By NASA // January 25, 2021
NASA & space history
On January 23, 1941, local authorities, military officials, and agency officials gathered in Cleveland to begin construction of the National Aviation Advisory Committee’s (NACA) new research laboratory. (NASA image)
(NASA) – On January 23, 1941, local authorities, military officials, and agency officials gathered in Cleveland to begin construction of the National Aviation Advisory Committee’s (NACA) new research laboratory.
George Lewis, NACA’s Director of Research, said: “I am confident today that this new aero engine research laboratory will be the Mecca for all aero engine engineers and researchers around the world.”
Eighty years later, the laboratory now known as NASA’s John H. Glenn Research Center is one of ten centers and a major economic force in the Cleveland area.
Exactly one year before the groundbreaking ceremony, the NACA officially proposed the creation of a new research laboratory for air drives. In the meantime, the committee evaluated the facility’s locations in the Midwest before selecting Cleveland, Ohio in November 1940.
The Cleveland Chamber of Commerce planned a full day of activity for that cold January Thursday in 1941. In the morning, the cadre toured the Alcoa and Cleveland Pneumatic Tool Company plants.
The former was an important supplier of aluminum aircraft parts, and the latter produced landing gear for the Douglas XB-19 – at that time the largest bomber in the country.
The group then met with 240 local business people in the Red Room of the Cleveland Hotel for a lunch hosted by Cleveland’s newly elected Mayor Edward Blythin and the President of the Chamber of Commerce, Frederick Crawford.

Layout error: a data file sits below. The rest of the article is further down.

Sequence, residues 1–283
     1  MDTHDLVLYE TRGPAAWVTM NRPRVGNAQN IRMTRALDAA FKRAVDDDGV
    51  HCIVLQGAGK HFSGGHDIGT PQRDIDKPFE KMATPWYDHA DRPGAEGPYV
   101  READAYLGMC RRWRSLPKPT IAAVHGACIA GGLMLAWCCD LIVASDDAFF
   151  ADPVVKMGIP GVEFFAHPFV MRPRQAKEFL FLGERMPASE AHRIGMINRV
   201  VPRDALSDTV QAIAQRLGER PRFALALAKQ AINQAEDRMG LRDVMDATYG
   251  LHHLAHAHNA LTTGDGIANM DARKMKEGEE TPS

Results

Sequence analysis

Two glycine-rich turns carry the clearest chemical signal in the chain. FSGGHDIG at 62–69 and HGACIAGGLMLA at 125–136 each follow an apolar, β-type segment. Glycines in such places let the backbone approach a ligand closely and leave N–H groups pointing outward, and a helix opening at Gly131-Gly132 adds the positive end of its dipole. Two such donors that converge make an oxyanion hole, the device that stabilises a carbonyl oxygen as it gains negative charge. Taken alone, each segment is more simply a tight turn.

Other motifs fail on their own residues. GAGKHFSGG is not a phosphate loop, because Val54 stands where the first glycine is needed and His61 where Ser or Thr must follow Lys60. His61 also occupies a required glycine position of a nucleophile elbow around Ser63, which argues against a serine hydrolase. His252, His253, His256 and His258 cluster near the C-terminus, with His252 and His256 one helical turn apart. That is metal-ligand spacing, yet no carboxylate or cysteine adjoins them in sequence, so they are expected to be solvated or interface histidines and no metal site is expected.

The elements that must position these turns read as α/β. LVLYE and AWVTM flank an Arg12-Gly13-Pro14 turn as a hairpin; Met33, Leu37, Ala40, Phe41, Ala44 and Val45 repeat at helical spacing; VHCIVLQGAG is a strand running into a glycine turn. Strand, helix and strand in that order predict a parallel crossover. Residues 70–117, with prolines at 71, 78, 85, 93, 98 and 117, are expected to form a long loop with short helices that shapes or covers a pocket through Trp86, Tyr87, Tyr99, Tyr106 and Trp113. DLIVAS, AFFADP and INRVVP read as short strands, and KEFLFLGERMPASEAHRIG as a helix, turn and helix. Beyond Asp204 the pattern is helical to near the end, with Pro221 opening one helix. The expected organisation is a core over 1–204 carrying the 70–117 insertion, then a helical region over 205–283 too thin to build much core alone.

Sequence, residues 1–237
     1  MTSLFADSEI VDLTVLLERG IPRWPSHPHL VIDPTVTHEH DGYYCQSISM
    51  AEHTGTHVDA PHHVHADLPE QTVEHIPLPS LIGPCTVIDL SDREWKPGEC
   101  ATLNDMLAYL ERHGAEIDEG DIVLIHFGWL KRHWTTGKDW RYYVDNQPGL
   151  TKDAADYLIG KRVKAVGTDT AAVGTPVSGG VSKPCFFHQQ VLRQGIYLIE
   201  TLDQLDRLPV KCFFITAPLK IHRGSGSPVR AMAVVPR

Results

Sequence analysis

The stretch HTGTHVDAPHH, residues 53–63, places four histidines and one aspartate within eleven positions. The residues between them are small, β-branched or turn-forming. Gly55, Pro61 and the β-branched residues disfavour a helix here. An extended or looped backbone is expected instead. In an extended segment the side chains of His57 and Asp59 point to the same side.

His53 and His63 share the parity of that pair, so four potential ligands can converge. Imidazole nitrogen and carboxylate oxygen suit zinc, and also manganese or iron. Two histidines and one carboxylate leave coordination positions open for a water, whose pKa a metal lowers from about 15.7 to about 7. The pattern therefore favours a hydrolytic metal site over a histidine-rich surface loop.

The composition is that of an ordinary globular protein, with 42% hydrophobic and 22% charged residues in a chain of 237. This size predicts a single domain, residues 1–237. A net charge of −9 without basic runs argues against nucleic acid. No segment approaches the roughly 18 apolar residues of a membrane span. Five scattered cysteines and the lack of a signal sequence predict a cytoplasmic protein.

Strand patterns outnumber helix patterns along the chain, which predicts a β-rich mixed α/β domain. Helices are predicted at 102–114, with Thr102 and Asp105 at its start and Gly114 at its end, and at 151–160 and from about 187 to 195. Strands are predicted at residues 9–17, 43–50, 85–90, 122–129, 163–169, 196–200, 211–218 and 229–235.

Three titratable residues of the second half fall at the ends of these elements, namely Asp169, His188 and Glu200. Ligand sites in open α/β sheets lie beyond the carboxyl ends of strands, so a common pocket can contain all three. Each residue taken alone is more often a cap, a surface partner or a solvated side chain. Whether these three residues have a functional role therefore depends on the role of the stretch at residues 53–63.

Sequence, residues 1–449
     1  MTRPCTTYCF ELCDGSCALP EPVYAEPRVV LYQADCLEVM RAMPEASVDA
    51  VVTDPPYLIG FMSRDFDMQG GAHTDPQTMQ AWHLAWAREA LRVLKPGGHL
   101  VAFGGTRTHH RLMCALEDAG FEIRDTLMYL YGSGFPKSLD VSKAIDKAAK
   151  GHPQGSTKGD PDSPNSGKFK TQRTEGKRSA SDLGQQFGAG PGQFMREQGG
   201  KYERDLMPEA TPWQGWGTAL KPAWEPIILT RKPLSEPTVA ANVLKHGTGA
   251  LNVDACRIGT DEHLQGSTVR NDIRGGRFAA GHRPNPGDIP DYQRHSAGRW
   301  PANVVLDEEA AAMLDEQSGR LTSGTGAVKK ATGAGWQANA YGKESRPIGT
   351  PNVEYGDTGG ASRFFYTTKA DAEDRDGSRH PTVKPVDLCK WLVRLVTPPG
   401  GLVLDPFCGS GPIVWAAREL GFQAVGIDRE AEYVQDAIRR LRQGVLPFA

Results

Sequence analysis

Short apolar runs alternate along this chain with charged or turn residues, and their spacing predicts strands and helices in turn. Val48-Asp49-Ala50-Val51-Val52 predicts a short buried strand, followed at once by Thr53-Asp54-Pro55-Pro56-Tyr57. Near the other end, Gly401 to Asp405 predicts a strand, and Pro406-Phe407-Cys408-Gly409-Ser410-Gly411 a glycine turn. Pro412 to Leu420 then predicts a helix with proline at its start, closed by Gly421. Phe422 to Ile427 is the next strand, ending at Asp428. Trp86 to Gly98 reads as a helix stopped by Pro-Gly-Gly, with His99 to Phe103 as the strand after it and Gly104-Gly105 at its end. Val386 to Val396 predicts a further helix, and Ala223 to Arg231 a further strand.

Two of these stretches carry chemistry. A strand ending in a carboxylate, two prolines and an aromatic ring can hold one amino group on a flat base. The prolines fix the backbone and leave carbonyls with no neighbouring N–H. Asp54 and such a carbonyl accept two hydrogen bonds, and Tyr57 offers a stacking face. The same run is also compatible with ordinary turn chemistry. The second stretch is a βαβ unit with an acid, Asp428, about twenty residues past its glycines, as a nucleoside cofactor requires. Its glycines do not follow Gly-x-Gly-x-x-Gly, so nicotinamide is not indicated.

George Worthington Hardware Company presented NACA with a chrome-plated pick and shovel for the groundbreaking ceremony.
NACA officials described the site selection activities while Crawford reminded businesses in the area to keep their pledges in support of the NACA.
Lewis told attendees, “The future of aviation in terms of speed, efficiency and safety will depend to a large extent on the results that come from this laboratory.”
With the war in Europe on the front pages, Edward Warner of the Civil Aviation Authority ominously added, “What we are doing here today can mean the difference between America’s survival and submission. The difference between winning a war and losing a war can be the difference between a 1,000 and 2,000 horsepower engine, or the difference between the ability to fly at 20,000 feet or 30,000 feet. “
In the afternoon, the group traveled to the construction site next to Cleveland Municipal Airport.
Just after 3 p.m. Lewis hit the ground with the chrome pick to loosen the ground. Major General George Brett, acting chief of the Army Air Corps, then picked up. The moment was immortalized by a local newspaper photographer.
That evening Crawford held a dignitary dinner at the Union Club. Construction of the NACA laboratory began in the following days. Research began in May 1942.
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